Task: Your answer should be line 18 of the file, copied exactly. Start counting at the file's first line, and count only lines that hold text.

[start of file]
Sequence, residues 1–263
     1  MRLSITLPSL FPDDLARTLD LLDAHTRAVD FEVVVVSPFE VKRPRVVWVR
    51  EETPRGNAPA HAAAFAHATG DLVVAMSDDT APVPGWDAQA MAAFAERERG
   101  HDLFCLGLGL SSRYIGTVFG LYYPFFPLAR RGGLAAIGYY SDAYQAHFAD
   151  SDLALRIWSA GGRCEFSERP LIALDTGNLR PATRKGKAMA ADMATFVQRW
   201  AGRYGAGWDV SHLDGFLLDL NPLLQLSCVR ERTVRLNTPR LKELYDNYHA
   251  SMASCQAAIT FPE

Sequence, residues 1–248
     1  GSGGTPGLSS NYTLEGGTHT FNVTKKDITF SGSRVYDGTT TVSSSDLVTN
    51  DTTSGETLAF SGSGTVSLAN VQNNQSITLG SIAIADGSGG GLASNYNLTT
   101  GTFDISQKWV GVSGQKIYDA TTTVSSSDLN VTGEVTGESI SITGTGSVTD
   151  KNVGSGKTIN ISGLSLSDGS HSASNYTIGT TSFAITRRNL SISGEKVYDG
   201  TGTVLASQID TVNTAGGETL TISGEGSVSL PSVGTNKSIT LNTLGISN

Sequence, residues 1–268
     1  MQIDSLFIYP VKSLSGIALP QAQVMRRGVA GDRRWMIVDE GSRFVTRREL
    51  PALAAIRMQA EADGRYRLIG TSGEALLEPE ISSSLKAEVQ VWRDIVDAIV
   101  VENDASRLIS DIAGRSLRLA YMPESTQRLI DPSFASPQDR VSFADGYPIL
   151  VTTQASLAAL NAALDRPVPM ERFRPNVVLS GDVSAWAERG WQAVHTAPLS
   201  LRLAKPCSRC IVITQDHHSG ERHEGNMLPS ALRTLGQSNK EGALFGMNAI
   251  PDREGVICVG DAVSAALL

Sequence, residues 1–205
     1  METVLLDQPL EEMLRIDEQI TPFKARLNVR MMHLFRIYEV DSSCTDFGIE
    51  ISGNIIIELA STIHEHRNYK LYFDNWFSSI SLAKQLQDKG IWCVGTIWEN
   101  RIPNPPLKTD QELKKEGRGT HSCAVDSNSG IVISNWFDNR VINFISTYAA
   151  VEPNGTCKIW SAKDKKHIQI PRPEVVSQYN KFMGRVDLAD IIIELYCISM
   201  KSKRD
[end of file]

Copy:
   151  VTTQASLAAL NAALDRPVPM ERFRPNVVLS GDVSAWAERG WQAVHTAPLS